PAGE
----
Second Time Around 

The ongoing evolution of Memphis' best punk band.

The Final Solutions are celebrating the release of their second full-length album, which marks the latest chapter in the surprising story of what is, at this writing, Memphis' best punk-rock band.

Named after the classic Pere Ubu song, the Solutions are an amalgam of local talent that avoids taking itself too seriously yet has emerged as an amazing live act with four singles and (now) two albums, both on Goner, under its belt. The cast is as follows: vocalist Zac Ives (co-owner of Goner Records), bassist Tommy Trouble (a high school honors English teacher by day), guitarist Justice Naczycz (leader of local hard-boogie enthusiasts Secret Service), and drummer Jay Reatard (you name it, but recently blowing minds with his solo album, Blood Visions).

For the sake of chronology, let us briefly travel back to the mid-'90s, when Ives, Trouble, and Naczycz were friends at Rhodes College. Those who paid close attention to show flyers or haunted Barrister's during this period may remember a short-lived garage band by the name of the Jack Monkeys. "Tom was in a pop-punk band called Squirrels. They sounded like the Descendents or All, and Justice and I were in the Jack Monkeys with a drummer named Pete Nasty, who hadn't played drums outside of the music room at Rhodes. We were really bad," Ives says.

Reatard and Ives met at an Oblivians show when the former was in his mid-teens, and Ives began to give the future Reatard rides to shows. "During one of my last years at Rhodes, we put together a band for the talent show in the cafeteria and did Oblivians covers. That was one of the first times that Jay played drums," Ives recalls.

Following graduation, Ives took a job in Washington, D.C. He returned to Memphis in 2000 to work for Archer Malmo and to eventually join Eric Friedl in the running of Goner Records. By this time, Trouble was teaching, Naczycz was following an acoustic singer-songwriter muse, and Reatard had retired the first version of his teen punk/garage band the Reatards to focus on the Lost Sounds.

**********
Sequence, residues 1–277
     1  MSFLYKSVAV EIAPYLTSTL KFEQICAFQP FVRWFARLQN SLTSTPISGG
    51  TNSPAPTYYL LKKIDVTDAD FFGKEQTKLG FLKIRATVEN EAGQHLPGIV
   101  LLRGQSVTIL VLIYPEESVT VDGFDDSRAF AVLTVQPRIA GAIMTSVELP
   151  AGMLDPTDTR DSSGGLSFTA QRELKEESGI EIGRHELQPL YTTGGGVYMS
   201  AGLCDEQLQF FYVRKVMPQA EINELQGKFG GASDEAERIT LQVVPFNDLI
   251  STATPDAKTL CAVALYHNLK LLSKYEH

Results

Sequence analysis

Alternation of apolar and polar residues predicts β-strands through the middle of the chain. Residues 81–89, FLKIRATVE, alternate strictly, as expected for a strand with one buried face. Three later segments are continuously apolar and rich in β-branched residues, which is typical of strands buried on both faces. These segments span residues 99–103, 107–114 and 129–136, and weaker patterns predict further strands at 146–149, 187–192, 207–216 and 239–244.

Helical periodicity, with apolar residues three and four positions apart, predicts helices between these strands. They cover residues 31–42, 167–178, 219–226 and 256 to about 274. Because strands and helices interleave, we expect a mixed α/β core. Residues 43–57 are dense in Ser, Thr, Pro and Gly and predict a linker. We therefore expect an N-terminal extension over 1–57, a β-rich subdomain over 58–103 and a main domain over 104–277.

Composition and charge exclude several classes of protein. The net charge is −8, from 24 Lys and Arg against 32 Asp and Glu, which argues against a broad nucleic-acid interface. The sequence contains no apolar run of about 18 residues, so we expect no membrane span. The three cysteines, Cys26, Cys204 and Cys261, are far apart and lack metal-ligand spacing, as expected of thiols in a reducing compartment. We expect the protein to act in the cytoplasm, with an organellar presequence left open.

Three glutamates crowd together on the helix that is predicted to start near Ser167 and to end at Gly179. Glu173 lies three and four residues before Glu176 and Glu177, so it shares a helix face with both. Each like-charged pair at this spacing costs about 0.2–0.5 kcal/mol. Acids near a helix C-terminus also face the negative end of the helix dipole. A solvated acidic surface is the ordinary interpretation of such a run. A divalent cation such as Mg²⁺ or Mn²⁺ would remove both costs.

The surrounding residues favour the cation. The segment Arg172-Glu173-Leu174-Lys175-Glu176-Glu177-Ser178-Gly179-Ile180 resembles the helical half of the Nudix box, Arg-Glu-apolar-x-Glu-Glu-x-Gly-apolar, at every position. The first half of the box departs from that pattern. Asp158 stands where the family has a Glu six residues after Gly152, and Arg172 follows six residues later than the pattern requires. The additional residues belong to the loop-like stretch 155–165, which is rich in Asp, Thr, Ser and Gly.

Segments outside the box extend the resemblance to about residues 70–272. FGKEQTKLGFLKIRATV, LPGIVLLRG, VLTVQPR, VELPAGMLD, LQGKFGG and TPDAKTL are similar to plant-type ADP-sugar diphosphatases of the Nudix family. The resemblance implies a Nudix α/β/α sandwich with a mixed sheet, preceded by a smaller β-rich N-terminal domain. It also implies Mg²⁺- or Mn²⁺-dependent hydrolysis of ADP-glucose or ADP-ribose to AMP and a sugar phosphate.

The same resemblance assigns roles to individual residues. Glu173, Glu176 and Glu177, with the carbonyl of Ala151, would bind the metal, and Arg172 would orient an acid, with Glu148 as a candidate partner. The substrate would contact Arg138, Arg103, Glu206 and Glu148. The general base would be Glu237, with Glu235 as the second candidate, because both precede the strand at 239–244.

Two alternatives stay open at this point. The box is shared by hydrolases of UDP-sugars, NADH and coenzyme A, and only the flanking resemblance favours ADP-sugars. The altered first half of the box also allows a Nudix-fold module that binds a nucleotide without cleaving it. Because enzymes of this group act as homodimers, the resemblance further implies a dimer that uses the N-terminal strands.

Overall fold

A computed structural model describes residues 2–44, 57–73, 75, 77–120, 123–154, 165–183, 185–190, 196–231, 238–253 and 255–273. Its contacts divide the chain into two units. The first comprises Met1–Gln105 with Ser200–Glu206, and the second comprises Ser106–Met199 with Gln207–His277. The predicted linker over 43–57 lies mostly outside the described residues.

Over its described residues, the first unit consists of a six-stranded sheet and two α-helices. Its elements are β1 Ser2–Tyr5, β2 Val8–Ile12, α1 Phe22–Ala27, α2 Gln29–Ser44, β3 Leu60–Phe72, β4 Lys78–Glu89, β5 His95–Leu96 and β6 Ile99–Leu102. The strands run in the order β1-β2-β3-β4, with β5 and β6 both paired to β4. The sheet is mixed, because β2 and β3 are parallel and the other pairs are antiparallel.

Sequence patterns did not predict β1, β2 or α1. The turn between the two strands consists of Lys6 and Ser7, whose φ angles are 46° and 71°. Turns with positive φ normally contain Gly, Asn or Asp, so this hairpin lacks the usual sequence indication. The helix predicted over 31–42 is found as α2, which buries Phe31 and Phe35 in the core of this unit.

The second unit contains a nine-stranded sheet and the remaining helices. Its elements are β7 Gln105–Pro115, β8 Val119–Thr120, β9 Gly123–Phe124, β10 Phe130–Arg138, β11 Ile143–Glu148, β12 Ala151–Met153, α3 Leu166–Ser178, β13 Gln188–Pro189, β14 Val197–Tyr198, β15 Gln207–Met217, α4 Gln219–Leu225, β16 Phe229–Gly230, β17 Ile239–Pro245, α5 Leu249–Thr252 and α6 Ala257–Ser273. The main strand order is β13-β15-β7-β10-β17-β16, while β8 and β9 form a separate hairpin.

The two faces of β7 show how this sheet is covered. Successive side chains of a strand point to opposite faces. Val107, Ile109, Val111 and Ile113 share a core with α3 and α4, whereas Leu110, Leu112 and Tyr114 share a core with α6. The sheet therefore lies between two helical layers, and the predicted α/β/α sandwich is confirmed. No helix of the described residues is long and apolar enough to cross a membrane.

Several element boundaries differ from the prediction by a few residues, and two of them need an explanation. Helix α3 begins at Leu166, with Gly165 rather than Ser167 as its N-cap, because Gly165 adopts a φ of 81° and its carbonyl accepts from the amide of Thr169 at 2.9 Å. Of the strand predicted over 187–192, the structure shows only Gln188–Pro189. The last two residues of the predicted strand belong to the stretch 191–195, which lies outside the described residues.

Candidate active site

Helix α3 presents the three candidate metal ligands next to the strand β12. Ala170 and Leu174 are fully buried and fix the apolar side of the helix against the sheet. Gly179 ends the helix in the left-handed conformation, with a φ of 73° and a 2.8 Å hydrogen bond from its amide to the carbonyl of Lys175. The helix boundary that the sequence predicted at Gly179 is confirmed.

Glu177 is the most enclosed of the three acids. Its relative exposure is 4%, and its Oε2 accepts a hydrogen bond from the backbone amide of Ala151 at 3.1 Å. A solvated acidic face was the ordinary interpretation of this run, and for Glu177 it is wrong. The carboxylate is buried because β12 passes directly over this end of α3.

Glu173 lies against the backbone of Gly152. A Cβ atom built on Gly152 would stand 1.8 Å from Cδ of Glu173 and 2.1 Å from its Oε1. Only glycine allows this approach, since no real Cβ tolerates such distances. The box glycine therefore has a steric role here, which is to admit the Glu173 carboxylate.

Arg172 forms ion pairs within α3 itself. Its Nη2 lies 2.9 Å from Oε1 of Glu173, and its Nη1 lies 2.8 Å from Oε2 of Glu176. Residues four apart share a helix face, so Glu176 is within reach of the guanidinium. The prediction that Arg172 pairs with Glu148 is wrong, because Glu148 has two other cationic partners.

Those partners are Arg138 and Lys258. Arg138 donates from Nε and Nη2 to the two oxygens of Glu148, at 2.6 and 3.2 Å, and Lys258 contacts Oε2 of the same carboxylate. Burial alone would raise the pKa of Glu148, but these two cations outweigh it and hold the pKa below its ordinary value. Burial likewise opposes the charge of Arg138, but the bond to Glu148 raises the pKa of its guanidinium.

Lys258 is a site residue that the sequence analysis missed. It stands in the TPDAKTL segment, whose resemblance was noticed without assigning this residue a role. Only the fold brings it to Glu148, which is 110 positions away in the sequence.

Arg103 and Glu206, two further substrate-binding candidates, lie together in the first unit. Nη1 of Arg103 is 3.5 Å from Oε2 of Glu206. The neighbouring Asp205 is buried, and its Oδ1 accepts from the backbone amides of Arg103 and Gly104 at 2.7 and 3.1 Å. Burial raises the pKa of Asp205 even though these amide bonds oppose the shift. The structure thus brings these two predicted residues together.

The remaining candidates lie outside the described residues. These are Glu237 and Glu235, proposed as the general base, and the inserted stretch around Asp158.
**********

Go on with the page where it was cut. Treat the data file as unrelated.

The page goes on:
"I started circulating compilation tapes of old Scandinavian punk rock," Ives explains. "I've always been into the Television Personalities, especially the song 'Part Time Punks,' which I obsessed over for a while."

Ives speaks loosely of the late-'70s/early-'80s "DIY" movement spearheaded by the likes of early Simple Minds, the Desperate Bicycles, the Homosexuals, and the aforementioned Television Personalities. The aesthetic was cheap, handmade packaging, marginal playing ability, and a turn away from the careerist direction that higher-profile punk rock had taken.

The four Memphians soon came together with Ohio transplant Quinn Powers on guitar (he was with the band for just over a year) and started making a mess of local club stages. "Our shortest show was probably one song, but we don't really like to do that," Ives says. "We want to put on a good show for everyone."

Band activity ebbed and flowed over the next five or so years, resulting in a respectable discography and a much-talked-about live show.

Whereas the first Final Solutions LP was a mishmash of material, recorded at different stages in different places and pulled together to fill out an album, the new Songs by Solutions was a conscious effort. "We were writing for an album on this one," Ives says. Recorded entirely by Reatard, Songs shows a band growing, even if they're growing in a weird way to allow for the primary concerns of each member. "Reatard's gotten extremely good at recording and knows exactly how he wants everything to come out," Ives explains.

Everything came out nicely, albeit in very short, buzzsaw bursts of catchy aggro-pop. "Mental Shark Bite" and "Tammy" start things off in now-standard Solutions style, with repeated, almost spoken hooks, anthemic howls, smashed drums, and jagged or furiously strummed guitar. The minimal "I'm a Lightning Bug" sounds like pop music from an alternate universe that never experienced pop music, and the astonishingly long "Little Man in My Mind" clocks in at a whopping four-and-a-half minutes, which is like the Final Solutions doing Rush's "2112." (Not really, but you get the point.)

"Our songs are written in practice. One of us will bring in something, and everyone else will just work on top of that," Ives says. "Tommy is responsible for most of the songs on Songs by Solutions. He'd just bring in a riff, and Justice would lay some guitar on top. Things would go from there."

When asked about how pop and catchiness play into it all, Ives explains, "I have to have a hook. I can't stand it when a singer is yelling at me." Songs by Solutions is undoubtedly hummable in its frantic fury.

Fans of incendiary, unpredictable performances and bands who deliver without taking themselves too seriously are encouraged to witness just how far the Final Solutions have come.

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